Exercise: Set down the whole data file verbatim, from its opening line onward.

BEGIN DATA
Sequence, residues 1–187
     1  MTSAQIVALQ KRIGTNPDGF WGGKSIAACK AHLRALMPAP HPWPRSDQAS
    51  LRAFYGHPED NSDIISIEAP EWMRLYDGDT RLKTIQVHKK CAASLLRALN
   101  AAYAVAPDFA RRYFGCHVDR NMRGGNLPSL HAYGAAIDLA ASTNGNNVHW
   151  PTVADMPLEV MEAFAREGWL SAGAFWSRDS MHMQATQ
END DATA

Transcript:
Sequence, residues 1–187
     1  MTSAQIVALQ KRIGTNPDGF WGGKSIAACK AHLRALMPAP HPWPRSDQAS
    51  LRAFYGHPED NSDIISIEAP EWMRLYDGDT RLKTIQVHKK CAASLLRALN
   101  AAYAVAPDFA RRYFGCHVDR NMRGGNLPSL HAYGAAIDLA ASTNGNNVHW
   151  PTVADMPLEV MEAFAREGWL SAGAFWSRDS MHMQATQ